Wednesday, June 12, 2013 at 5:34 PM
Ohio has an opium problem. Statistics from the Ohio Department of Health show the number of people dying from drug overdoses increased 440 percent from 1999 to 2011. But as Ohio Public Radio's Jo Ingles reports, there's bipartisan support for a bill in the state legislature that would try to reduce drug deaths.
Republican state representative Terry Johnson is a doctor. He says more needs to be done to help Ohioans who are addicted to opium, heroin or opiate pain killers.
Johnson: “Once you are addicted to an opioid, it is a very difficult process to recover from.”
But Johnson says there is a drug called Narcan or Naloxone that can stop an opioid overdose at the point it is administered.
Johnson: “It reverses opioid or opiate overdose and it does so almost instantly. It’s a very remarkable drug, high safety profile, very easy to use. The trouble is in the past, we’ve primarily used it in the e.r. because there’s no other place to use it. But it turns out that now people are overdosing, it would be a very good idea to put it in the hands of people who can save lives.”
Johnson wants to put the drug in the hands of family members of drug addicts. He says they are the ones who are most likely to use it since the drug users are often not physically able to when they are overdosing. The problem is that Ohio law doesn’t allow family members to get the drug directly.
So Johnson and Democratic State Representative Mike Stinziano want to change the law. Stinziano other states are finding when they put the drugs in the hands of family members of abusers, lives are saved.
Stinziano: “Nine other states have removed these regulatory barriers and they’ve seen success when properly applied in reducing the overdose rate in those states.”
You don’t have to convince Lisa Roberts, a Scioto County nurse. She works with drug addicted people in her county where she says drug abuse is rampant.
Roberts: “Rural communities like mine have seen an epidemic of prescription drug addiction leading to heroin addiction and consequently, lots of consequences that go along with that. We have the highest hepatitis C rate in the state of Ohio. We have the highest homicide rate in the state of Ohio now. So these are new developments for rural counties like mine. We are not used to dealing with these sorts of problems.”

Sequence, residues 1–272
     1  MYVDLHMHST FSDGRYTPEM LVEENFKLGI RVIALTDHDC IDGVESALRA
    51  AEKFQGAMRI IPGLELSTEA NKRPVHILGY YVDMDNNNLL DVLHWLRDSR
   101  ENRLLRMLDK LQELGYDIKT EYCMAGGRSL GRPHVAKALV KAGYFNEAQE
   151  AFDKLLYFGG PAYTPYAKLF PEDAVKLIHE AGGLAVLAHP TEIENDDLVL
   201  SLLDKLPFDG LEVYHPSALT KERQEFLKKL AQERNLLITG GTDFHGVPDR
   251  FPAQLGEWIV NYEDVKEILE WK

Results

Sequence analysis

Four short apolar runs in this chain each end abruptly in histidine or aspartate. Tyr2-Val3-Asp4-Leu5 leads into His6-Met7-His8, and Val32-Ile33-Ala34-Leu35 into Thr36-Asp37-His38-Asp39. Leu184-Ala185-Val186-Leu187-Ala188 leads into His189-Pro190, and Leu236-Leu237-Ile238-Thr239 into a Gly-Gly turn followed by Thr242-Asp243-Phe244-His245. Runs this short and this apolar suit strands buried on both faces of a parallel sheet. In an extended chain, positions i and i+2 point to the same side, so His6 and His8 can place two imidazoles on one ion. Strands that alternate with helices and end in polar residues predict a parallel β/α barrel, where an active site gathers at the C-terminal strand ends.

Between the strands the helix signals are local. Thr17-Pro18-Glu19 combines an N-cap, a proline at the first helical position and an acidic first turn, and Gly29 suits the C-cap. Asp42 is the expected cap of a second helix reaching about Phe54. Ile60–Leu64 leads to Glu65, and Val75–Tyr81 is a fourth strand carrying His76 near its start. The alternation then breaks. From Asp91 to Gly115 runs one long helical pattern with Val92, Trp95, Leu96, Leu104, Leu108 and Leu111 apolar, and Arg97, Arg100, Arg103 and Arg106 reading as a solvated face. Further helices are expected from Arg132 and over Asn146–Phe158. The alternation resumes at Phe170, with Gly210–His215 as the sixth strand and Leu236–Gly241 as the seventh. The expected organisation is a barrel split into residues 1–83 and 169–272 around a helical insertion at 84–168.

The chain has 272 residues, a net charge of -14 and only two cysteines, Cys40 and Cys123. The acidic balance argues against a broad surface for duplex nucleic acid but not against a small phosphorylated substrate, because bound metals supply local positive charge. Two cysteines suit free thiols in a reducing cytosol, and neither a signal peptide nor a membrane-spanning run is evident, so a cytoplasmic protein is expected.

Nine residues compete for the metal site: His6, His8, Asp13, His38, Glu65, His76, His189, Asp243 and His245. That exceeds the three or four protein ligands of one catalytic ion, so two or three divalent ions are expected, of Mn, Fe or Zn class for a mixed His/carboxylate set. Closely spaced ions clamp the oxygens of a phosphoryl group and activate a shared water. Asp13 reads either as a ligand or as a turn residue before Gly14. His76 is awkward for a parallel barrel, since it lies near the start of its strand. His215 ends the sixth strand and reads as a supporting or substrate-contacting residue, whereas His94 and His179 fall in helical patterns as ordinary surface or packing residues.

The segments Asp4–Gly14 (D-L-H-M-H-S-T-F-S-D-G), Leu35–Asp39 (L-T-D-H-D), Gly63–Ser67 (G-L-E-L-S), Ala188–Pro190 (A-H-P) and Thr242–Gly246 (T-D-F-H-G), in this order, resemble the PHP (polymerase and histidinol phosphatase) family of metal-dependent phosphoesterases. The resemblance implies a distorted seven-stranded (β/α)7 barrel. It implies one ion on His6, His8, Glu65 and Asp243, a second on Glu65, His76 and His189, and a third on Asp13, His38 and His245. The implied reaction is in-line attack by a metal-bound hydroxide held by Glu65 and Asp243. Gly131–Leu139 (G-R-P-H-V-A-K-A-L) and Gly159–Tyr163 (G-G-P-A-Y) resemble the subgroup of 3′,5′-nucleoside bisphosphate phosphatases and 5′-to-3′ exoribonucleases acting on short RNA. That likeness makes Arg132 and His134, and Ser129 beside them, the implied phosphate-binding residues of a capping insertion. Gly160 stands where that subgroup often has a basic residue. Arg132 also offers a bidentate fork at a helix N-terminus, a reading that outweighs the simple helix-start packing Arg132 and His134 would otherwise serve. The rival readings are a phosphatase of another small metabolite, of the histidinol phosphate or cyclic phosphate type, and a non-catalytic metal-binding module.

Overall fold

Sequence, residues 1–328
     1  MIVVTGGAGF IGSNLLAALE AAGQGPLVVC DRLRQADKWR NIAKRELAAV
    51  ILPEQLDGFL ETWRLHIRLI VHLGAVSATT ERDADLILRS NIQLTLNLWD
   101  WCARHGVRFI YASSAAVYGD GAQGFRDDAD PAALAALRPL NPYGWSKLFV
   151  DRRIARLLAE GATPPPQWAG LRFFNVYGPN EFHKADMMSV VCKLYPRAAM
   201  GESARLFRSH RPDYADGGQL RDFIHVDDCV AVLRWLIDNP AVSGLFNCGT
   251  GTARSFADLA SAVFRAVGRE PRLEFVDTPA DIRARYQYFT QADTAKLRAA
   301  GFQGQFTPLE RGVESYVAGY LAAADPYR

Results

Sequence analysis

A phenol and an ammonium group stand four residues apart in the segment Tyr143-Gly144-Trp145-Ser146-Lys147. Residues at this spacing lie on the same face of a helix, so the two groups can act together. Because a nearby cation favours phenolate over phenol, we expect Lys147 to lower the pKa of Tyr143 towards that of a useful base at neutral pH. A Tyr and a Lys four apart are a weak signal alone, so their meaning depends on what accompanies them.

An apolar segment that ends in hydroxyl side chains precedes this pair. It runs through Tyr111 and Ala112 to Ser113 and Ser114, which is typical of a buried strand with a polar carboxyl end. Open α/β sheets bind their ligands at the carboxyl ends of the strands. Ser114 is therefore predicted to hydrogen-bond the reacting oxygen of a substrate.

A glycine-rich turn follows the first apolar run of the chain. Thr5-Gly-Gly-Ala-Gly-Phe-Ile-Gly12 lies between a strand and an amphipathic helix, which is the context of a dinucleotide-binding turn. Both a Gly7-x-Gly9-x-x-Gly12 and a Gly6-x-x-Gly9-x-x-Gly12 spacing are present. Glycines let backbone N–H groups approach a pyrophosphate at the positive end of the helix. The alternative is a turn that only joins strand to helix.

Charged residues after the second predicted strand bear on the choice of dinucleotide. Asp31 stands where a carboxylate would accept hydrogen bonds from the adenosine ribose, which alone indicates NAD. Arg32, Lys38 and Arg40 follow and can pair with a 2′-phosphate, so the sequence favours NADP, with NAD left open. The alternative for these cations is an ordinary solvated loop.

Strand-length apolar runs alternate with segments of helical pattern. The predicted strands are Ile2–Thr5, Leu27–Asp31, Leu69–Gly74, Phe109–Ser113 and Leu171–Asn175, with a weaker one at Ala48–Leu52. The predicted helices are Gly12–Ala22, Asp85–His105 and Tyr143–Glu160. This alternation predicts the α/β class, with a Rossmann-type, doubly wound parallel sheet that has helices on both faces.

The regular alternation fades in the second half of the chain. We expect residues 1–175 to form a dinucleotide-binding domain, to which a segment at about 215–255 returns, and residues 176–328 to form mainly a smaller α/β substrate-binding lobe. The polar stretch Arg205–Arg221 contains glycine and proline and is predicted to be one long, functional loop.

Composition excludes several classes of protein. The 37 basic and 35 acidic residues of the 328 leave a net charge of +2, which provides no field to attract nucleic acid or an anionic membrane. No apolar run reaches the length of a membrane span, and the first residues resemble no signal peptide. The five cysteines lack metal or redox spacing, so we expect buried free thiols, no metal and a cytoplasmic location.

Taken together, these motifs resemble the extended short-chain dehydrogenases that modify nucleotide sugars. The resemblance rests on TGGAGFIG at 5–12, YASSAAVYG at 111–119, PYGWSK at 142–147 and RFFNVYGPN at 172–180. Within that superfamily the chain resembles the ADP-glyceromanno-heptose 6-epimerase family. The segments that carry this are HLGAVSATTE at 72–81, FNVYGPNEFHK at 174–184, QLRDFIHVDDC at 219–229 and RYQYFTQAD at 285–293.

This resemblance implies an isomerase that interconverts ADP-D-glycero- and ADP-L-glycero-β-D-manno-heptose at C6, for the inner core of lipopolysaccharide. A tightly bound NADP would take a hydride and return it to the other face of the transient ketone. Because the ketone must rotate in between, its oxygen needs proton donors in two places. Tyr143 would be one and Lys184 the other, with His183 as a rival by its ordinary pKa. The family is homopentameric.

Roberts says she’s been involved with a pilot project from the state health department to allowing relaxed use of Narcan. And she says it’s helping to lower the number of deaths and the number of new cases of Hepatitis C. That doesn’t come as a surprise to Dr. Joan Papp of Cleveland. She is hoping the state will pass this bill to allow family members to possess the anti opioid drug. Papp says something needs to be done to stop the growing number of deaths in Northeast Ohio.
Papp: “In the emergency department, we are seeing a drastic increase in the number of heroin overdose deaths particularly. In Cuyahoga County last year, we saw the highest number of heroin deaths that our county has ever experienced - 161 deaths total. That’s up from 2006 when the number was 52.”
Papp agrees putting the anti opioid drugs in the hands of family members of abusers can save lives. So does Miles Dawson of Southeast Ohio. He himself has almost become a statistic….by overdosing and living to tell about it.
Dawson: “I had just gotten home from rehab and my Mom was coming over to visit me and I had relapsed again and she found me with my baby brother on my bed lying unconscious. She had to wait for the paramedics to get there and then them take me to the hospital. By the grace of God, I did make it through to make it to the hospital but what could have been my success rate if she could have just given it to me right then and there?”
Dawson says he’s been clean for three years now. Ohio legislators will be considering this bill soon and with bipartisan support, the lawmakers backing it hope it will pass.
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